Surely, no one needs me to explain that a new Kendrick Lamar LP—even when it consists of sketches, demos, and songs in various stages of finsished-ness—is a big deal. But untitled unmastered, which arrived in the world less than 24 hours ago, completely out of the blue, is extra-significant for the way it peels back the curtain on the creative process of one of contemporary music's most significant artists.
But this album's significance resides in its fearless casualness. You hear Lamar playing around, trying out verses, trying on voices. I swear you can almost hear him thinking. The songs—no titles, only dates, like he dragged them straight out of his own iTunes—are dense with ideas, personas, contradictions, righteous energy. It seems unimaginable that he could have followed an earth-shattering record like To Pimp a Butterfly any other way than a release like this, in which he lets you see the wires, the rivets, the unexemplary notebook work—and you still walk away feeling like you have to hear it again. So fucking strong.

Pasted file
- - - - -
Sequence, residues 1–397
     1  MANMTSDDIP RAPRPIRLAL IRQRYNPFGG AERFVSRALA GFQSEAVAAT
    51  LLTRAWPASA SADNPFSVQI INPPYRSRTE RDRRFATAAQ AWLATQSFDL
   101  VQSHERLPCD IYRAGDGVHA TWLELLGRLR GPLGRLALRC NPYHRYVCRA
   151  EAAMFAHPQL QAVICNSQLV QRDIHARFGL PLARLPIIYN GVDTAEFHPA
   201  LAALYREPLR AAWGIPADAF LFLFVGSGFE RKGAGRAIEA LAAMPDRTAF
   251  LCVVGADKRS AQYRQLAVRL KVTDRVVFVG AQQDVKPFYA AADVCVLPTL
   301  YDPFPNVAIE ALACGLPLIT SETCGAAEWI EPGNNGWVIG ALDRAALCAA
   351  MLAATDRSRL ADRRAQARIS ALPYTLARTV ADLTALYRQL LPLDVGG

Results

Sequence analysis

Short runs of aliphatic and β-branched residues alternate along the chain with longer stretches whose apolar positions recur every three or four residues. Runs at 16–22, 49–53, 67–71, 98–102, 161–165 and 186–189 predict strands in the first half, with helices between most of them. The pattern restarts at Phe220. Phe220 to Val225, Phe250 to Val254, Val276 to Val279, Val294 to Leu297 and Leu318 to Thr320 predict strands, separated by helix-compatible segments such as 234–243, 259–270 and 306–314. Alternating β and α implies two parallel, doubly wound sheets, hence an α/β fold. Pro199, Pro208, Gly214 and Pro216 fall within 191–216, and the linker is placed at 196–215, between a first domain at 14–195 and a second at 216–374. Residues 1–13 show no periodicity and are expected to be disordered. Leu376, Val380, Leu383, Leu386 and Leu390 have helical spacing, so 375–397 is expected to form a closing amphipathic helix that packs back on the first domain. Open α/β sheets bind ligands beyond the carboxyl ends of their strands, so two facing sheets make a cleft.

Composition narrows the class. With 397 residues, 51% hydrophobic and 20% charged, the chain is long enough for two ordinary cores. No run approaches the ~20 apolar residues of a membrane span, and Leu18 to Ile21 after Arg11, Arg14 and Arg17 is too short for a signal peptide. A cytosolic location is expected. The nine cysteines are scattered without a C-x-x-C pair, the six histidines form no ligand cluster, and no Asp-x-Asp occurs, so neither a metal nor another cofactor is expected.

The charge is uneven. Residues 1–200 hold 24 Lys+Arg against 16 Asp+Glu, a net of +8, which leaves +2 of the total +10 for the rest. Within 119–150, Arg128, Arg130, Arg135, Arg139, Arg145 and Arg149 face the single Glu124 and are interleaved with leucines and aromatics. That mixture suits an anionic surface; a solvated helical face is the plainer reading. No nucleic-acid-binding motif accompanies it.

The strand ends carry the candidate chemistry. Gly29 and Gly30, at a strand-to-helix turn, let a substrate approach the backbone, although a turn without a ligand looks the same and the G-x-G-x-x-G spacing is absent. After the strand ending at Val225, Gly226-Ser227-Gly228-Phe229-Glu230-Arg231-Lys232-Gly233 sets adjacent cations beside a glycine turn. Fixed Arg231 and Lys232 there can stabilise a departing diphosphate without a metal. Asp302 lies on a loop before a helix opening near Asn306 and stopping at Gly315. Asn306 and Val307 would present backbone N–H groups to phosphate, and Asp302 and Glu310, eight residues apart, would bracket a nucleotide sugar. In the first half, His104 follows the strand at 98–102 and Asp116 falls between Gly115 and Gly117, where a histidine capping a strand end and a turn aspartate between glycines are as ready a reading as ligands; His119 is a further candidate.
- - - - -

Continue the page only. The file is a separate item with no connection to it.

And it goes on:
People will be comparing this to Kanye West's work-in-progress report The Life of Pablo, but aside from the inchoate-ness of the form, the two albums are as different as the two artists who made them. It may be petty and dumb, but my first thought was that untitled unmastered functioned more as a rejoinder to another long-in-the-works hiphop album that came out last week. I imagined Lamar hearing—or even not even hearing This Unruly Mess I've Made—and thinking an album of his unruly demos could beat it in a walk and steal any headlines that were left.